img_9110img_0506After learning that the monarch butterfly is the state insect,

img_9716the students sorted RED butterflies and GREEN caterpillars.

 

 

 

 

img_9114img_9328Judy Garland hails from the state of Minnesota.

 

 

 

 

img_9207Her rainbow rice box contained letter M’s and a map of the state.

 

 

 

 

img_9231img_9298Another Minnesota native was the musician Prince.

 

 

 

 

img_9631For his box, the students stamped the state’s initials in purple Bubber.

 

 

 

 

img_9154img_9203Our next box contained a variety of symbols of the state.

img_0513                                                                    Including Babe the Blue Ox!

 

 

 

 

img_0502img_9647The Minnesota NFL team is called the vikings and their colors are purple and gold.

img_9256Great to twist and wrap around each other.

 

 

 

 

img_9147img_9197The students had a little fun with the chenille stems in the team colors.

img_9139                                                                                   Kids will be kids 🙂

 

 

 

 

img_9602img_9107It gets pretty snowy in Minnesota in the winter.

img_9186                                                           So we may snow with shaving cream!

 

 

 

 

img_9221img_9188Minnesota is known as the land of 10,000 lakes.

Fishing is popular there!

 

 

 

 

img_9277For our scent this week we used Bath and Bodyworks dancing waters. The students really liked the soft scent!

 

 

 

 

img_1849img_0896Our next unit celebrated the Grammys! This unit also had a fun book with students dressed as famous singers—–check it out!

 

 

 

 

img_1823img_0854Since the Grammys are all about music, we put a variety of musical instruments in this box.

 

 

 

 

img_0996The finger drums are always a favorite with the students!

 

 

 

 

img_0859img_1020Taylor Swift’s “Red” box (red velvet cake mix) had 2 heart shaped scoops because she writes lots of songs about love.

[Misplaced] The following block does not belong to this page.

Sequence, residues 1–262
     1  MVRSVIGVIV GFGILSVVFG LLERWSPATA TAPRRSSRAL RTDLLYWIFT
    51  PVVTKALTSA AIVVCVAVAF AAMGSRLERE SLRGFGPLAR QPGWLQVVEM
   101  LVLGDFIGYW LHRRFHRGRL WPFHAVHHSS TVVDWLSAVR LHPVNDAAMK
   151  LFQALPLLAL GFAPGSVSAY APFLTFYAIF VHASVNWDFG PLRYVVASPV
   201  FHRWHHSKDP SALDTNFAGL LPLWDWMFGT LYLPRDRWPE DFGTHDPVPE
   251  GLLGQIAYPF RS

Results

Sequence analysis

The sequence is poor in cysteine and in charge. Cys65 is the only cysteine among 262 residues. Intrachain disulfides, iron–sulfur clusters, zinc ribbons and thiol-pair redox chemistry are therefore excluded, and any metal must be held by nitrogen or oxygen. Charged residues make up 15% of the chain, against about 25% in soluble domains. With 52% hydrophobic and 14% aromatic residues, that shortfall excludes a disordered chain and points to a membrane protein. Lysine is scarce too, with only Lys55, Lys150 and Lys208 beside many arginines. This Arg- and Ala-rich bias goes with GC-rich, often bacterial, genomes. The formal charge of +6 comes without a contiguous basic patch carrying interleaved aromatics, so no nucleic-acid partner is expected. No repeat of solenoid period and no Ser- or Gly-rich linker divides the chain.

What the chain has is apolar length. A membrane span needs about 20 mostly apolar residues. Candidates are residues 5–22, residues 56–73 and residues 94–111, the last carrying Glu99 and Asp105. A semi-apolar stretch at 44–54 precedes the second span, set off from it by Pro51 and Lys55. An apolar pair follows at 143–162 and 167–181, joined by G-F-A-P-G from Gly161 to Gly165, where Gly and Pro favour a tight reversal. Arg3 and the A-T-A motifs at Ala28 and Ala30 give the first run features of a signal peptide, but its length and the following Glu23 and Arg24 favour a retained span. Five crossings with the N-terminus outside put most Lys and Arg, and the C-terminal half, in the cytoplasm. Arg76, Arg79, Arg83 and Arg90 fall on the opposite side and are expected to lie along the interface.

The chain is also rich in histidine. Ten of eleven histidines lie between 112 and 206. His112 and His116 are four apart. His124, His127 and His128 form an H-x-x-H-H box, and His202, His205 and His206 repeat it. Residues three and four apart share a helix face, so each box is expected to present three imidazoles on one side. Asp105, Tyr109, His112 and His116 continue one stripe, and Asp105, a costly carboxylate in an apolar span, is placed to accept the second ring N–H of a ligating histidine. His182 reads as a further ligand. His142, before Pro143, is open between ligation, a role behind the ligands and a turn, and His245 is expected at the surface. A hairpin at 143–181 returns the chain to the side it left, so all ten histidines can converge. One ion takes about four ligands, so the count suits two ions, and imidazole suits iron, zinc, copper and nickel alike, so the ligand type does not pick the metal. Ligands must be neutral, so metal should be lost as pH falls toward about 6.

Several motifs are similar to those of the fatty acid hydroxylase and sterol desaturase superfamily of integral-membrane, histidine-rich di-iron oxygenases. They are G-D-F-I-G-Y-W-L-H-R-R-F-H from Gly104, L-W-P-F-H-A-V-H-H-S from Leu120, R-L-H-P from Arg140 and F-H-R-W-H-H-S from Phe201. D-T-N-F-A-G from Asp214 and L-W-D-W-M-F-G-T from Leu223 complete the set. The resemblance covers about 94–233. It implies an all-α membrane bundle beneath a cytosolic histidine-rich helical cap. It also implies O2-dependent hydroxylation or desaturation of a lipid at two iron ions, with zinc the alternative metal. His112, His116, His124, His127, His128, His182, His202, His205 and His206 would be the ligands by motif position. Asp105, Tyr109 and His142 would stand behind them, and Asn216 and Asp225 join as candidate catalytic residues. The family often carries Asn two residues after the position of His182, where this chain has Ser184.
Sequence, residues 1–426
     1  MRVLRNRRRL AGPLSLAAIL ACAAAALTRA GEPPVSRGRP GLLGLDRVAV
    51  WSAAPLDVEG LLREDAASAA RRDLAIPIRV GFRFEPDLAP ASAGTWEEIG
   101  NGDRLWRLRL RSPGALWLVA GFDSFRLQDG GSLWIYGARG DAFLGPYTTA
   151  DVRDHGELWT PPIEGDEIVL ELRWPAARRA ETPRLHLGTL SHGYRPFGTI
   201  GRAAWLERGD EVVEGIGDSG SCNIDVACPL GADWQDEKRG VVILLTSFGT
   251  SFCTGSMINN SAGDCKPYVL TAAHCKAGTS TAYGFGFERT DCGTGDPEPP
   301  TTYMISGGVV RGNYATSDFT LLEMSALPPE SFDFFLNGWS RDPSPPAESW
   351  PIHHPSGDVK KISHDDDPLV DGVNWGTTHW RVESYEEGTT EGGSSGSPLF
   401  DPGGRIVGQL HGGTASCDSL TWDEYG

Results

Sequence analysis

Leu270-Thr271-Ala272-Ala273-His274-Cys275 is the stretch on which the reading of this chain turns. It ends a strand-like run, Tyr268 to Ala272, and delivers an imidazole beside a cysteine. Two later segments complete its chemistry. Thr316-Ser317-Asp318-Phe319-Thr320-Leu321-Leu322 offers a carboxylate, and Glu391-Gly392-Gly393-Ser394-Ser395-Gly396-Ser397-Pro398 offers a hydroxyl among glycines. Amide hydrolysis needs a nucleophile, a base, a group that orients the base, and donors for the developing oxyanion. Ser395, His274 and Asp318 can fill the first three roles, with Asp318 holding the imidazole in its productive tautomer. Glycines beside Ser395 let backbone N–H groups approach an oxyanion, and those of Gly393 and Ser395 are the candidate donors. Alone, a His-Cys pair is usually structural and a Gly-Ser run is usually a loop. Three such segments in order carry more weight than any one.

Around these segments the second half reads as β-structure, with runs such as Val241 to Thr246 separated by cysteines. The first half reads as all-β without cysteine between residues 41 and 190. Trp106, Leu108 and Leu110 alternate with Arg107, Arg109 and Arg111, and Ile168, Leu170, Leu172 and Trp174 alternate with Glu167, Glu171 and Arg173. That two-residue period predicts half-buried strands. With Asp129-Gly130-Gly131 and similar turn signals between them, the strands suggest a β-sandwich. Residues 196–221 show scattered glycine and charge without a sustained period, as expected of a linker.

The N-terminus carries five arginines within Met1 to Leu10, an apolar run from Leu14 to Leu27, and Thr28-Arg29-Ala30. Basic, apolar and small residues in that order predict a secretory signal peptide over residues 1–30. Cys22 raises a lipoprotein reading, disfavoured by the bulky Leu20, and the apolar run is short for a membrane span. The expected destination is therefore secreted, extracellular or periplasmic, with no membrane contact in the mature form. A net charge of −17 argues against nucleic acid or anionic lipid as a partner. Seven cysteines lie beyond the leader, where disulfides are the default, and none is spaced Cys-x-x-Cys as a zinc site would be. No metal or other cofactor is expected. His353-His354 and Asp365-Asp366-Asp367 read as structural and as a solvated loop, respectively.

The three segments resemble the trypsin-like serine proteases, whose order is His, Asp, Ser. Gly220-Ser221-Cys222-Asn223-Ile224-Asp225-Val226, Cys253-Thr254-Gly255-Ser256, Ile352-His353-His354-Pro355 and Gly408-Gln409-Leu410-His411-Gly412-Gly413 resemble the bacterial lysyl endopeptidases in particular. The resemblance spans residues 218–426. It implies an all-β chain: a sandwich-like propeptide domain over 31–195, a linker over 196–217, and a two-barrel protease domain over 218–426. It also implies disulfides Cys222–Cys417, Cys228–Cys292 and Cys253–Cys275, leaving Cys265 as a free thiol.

img_0529                                                                       Our students loved the box 🙂

 

 

 

img_1867img_1852Fun to sift and scoop—-and it had a pretty nice aroma also!

 

 

 

 

 

 

 

 

 

img_1832img_0527Ziggy Marley comes from Jamaica, so we made some rice in the colors of the flag.

img_1812                                    This bright and colorful box was VERY eye catching!

 

 

 

 

img_1844img_1870Eric Church is a country singer so we thought a farm themed box would be appropriate for him.

img_0935There were a number of different farm animals to find in this box filled with birdseed.

 

 

 

 

img_1027img_0847Katy Perry had a hit song titled “Roar” so we made a jungle box for her!

img_0977It was a fun box with lots of jungle animals to find and listen to.

 

 

 

img_1819img_0534Bruno Mars is from Hawaii so his was a beach themed box!

img_1838                                 There were shells to find and flowers to stamp into the sand.

 

 

 

 

 

One of our teachers got to visit Machu Picchu in Peru so we decided that would be perfect for our next week!

 

 

 

 

 

 

Part of the Andes mountains are found in Peru! Our students made their own mountains out of Floam,

 

 

 

 

and added 4 llamas (laminated pictures) to climb them.

 

 

 

 

 

Potatoes were first grown in Peru!

The students enjoyed the crunchy feel of the potato flakes as they uncovered a map of Peru at the bottom of the box.

 

 

 

 

 

 

 

 

Copper is one of Peru’s leading exports.

The students stamped the letter “P” into our copper colored kinetic sand—–or just enjoyed the way it felt on their hands!

 

 

 

 

The students looked for 2 jaguars hidden in some tropical flowers.

They also had fun with the flower petals!

 

 

 

 

 

The colors of the Peruvian flag are red and white. We put a variety of red and white items in this box for the students to sort and explore.

The vibrating crab was a HUGE hit!

 

 

 

 

 

 

Part of the Amazon rainforest is located in Peru.

We also recorded some rainforest sounds on a voice output device.Our rainforest umbrella was a hit!

 

 

 

 

We traveled again for our next unit, but this time a little closer to home—–Louisiana!

We had lots of Mardi Gras beads.

                                                                     Always a big hit!

 

 

 

 

 

We had discovery bottles in the state colors——

white, blue, and gold!

There was also a box filled with Louisiana state symbols.

One of the state songs was recorded on a voice output device.

 

 

 

 

The students stamped letter L’s into our sunshine yellow play dough.

Included was a rolling pin with sun”rays” to make impressions in it.

 

 

 

 

Shaving cream was sprinkled with blue and gold glitter.

As usual, lots of fun!

 

 

 

 

We had colorful Mardi Gras rice—-

                                                                    with letter L’s to find in it.

 

 

 

 

 

The students scooped up plastic crawfish out of water.

We finished with some beignet (actually vanilla sugar) scented lotion—-yummy!

 

It’s been lots of fun—–see you next month, Group by Group!